Vail Daily column: Threatening criminal prosecution in a civil matter
Lawyers must play nice. Really. It’s like in kindergarten where certain rules apply and if one violates the rules, then it’s time out or the lawyerly equivalent.
As I’ve mentioned more than once in these columns, lawyers have about a million rules to follow. There are rules of civil procedure, rules of criminal procedure, rules of evidence … and rules of professional conduct, the last of which guide attorneys’ ethical and professional responsibilities. The rules of cricketeering are, by comparison, a cake-walk.
Of the many rules, at least one specifically proscribes what an attorney may or may not do in zealous advocacy of his client’s interests. I’ll pick this up in just a sec. But first, a little detour into the world of law to gives what follows context.
Law, as you may know, is divided into two broad categories — civil law and (no, not “uncivil” law) criminal law. Criminal law, you may have deduced, deals with crimes and such. Although the law can at times be a confounding mistress, at times at least, this stuff just plain makes sense. “Civil” law deals with other stuff, stuff that isn’t crimes. When Google sues Apple or your uncle Gus sues his landlord or his boss, those are civil rather than criminal matters. Another way to look at it is, if what’s being sought is punishment, the matter is most likely criminal. If money damages are sought, eureka, we’ve got a civil matter on our hands. From another perspective, if the people are the party prosecuting the action, then more likely than not we’re dealing with a crime. If it’s two independent parties going at it mano a mano, the betting money is on a civil dispute.
So, Colorado Rules of Professional Conduct Rule 4.5 says that “a lawyer may not threaten criminal, administrative or disciplinary charges to obtain an advantage in a civil matter nor shall a lawyer present or participate in presenting criminal, administrative or disciplinary charges solely to obtain an advantage in a civil matter.”
OK, a little vivisection is in order.
Say a lawyer — let’s call him Lawyer A — is representing you in suing a Mr. So-And-So. The matter between you and Mr. So-And-So, being a personal dispute is “civil” in nature, that is, the state is not prosecuting So-And-So for an alleged crime.
Lawyer A and So-And-So’s lawyer, Lawyer B, both have a duty of zealous advocacy on behalf of their respective clients. This too is encoded in the rules. Both must do their utmost — within the rules and according to the law — to serve their respective clients’ legitimate interests. There are, of course, exceptions; lawyers may not, for example, aid a client in perpetuating a fraud or in any way contriving to do what candor and fairness will not abide. But within the rules, and within the law, a lawyer must strive earnestly on his client’s behalf. Certain lines may not, however, be crossed.
Let’s say, for example, in order to achieve the client’s goals, B decides to contact law enforcement to report that you stole So-And-So’s wristwatch. Let’s go further and say that B knows darn well and good that rather than steal So-And-So’s wristwatch, So-And-So, following a drunken bacchanal at your home, simply left it on your kitchen counter. Let’s go even a tad further and say, you never noticed that So-And-So left his watch at your digs and the cleaning crew that tidies up your place after drunken bacchanals instead spotted it and slipped it in a pocket, intending, of course, to return it to you or the rightful owner but … oops… forgot.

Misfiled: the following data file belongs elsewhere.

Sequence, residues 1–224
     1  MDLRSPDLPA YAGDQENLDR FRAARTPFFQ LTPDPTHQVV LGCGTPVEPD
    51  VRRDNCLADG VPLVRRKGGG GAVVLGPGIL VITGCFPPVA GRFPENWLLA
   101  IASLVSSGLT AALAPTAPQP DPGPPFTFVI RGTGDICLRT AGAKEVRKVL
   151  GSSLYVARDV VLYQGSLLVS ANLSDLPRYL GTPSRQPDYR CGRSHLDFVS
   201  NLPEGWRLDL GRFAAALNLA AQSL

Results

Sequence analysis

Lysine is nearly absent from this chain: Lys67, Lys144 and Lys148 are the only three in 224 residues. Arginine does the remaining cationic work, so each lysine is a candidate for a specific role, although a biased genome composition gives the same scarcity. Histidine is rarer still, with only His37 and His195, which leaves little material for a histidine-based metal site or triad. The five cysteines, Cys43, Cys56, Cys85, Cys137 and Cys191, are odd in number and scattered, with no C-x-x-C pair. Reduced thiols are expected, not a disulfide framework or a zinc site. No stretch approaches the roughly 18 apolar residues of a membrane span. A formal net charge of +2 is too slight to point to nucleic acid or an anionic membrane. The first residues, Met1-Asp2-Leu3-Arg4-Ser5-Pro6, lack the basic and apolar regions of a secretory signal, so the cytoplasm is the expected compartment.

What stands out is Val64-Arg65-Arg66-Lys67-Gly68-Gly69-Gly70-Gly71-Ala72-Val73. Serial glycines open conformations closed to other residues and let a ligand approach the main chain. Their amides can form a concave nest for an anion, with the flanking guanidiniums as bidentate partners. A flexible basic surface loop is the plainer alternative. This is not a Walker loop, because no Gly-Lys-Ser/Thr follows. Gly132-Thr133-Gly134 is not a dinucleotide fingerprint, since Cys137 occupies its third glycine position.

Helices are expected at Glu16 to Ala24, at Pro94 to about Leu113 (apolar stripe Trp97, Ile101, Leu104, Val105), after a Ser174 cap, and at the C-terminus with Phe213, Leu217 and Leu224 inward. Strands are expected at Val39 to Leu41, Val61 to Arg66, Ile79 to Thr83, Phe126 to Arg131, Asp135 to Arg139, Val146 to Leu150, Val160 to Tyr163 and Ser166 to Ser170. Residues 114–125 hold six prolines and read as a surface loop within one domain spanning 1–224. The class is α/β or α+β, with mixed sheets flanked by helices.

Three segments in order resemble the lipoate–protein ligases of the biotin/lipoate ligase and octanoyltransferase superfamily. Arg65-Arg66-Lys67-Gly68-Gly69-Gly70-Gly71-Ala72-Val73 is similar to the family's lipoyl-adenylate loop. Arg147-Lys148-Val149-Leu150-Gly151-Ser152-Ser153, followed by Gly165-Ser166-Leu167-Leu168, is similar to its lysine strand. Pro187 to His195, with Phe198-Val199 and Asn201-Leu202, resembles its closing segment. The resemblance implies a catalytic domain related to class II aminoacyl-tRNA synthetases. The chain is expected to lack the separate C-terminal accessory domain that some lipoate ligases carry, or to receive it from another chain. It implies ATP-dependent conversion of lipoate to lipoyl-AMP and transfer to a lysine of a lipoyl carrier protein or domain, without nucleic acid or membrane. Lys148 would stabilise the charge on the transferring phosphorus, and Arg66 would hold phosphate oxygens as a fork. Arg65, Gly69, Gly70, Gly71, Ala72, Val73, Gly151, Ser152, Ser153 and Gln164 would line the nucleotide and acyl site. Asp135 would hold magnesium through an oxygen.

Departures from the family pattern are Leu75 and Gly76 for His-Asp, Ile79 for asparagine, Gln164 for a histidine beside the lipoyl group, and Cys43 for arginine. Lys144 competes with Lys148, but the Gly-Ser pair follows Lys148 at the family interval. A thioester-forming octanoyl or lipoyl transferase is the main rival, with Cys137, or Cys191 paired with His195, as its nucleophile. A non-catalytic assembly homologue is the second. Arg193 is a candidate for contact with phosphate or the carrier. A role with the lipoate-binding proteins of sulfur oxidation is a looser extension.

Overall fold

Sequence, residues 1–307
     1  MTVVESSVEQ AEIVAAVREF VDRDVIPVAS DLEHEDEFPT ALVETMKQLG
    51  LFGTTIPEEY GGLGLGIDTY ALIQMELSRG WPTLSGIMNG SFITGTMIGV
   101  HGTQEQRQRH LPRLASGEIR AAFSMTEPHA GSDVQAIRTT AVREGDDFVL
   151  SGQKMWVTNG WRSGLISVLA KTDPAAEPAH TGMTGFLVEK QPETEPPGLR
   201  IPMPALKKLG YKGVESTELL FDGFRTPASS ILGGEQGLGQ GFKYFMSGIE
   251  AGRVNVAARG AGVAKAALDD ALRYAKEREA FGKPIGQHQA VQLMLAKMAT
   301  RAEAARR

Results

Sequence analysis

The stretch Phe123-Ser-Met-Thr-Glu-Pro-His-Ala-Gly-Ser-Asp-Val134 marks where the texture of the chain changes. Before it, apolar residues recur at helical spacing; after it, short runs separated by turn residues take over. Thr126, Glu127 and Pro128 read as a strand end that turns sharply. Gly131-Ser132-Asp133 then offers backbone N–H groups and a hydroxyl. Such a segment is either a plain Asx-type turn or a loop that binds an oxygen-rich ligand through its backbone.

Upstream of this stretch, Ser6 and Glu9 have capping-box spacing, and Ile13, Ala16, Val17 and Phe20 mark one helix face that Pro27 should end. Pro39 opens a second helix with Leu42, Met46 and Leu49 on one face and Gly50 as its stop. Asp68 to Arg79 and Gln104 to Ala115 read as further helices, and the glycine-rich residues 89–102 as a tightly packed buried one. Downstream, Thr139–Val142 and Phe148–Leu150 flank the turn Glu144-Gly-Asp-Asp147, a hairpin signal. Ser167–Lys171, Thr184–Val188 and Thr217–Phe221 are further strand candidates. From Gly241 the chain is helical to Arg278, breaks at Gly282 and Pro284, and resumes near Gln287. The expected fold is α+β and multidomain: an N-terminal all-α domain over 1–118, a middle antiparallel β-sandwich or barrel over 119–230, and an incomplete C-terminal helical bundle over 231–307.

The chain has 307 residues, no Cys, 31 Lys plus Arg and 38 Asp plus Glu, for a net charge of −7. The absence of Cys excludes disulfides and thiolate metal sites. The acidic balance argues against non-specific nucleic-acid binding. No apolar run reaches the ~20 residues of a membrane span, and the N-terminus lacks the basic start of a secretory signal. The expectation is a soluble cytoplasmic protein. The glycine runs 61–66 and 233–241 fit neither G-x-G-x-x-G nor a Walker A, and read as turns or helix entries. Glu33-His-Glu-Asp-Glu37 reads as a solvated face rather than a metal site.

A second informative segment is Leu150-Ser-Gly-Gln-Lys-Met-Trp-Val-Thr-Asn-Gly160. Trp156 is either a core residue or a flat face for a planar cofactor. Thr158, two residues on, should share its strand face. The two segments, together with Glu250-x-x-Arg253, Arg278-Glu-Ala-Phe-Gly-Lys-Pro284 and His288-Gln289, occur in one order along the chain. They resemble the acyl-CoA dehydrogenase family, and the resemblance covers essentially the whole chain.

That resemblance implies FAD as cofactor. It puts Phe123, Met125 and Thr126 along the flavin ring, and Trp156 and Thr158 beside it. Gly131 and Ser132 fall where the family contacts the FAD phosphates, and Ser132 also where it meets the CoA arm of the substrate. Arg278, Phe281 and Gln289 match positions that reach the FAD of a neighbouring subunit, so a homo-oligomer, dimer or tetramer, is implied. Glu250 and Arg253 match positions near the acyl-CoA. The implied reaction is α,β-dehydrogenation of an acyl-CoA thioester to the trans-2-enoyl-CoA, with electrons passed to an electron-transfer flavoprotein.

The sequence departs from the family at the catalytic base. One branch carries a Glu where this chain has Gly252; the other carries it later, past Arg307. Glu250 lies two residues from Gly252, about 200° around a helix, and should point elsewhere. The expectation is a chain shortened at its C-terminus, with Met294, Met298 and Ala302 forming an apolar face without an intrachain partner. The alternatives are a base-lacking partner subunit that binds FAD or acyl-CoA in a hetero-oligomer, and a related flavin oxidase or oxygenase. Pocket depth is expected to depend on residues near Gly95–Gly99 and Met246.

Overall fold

B gets wind of this.
He figures he just might scare the bejesus out of you if he reports the Tag Heuer stolen.
He calls up So-And-So and they hatch their plan.
B says, “That watch of yours?”
“The one I left at What’s-His-Name-Who’s-Suing-Me’s house during the apogee of the drunken bacchanal?”
“Yeah, that one.”
“Yeah, I should ask What’s-His-Name to get that back to me.”
“What if, instead,” B suggests, “we call the Po-Po and report it stolen?”
Here, So-And-So narrows his beady eyes.
B goes on. “You see if we report it stolen, maybe What’s-His-Name will have the bejesus scared out of him and come to the table to settle this whole mess.”
So-And-So chimes in with a “Brilliant!”
But not so much. The rules, fairness and common decency forbid it. B, as an officer of the court, may not misuse the court or his authority to bully, threaten, cajole, scare or intimidate poor What’s-His-Name into abandoning his claims or in any way altering his positions, by B threatening him with criminal prosecution. Neither may B threaten “administrative” action, for example reporting What’s-His-Name, who is a resident alien, to ICE.
Lawyers simply must play fair. And if the lawyer fails to do so, then he’ll have some “splainin” of his own to do. Although presented jocularly here, in fact, this stuff is taken very, very seriously.
Rohn K. Robbins is an attorney licensed before the bars of Colorado and California who practices in the Vail Valley with the law firm of Stevens, Littman, Biddision, Tharp and Weinberg LLC. His practice areas include business and commercial transactions, real estate and development, family law, custody, divorce and civil litigation. He may be heard on Wednesdays at 7 p.m. on KZYR radio (97.7 FM) and seen on ECOTV 18 as host of “Community Focus.” Robbins may be reached at 970-926-4461 or at either of his email addresses, email@example.com or firstname.lastname@example.org.
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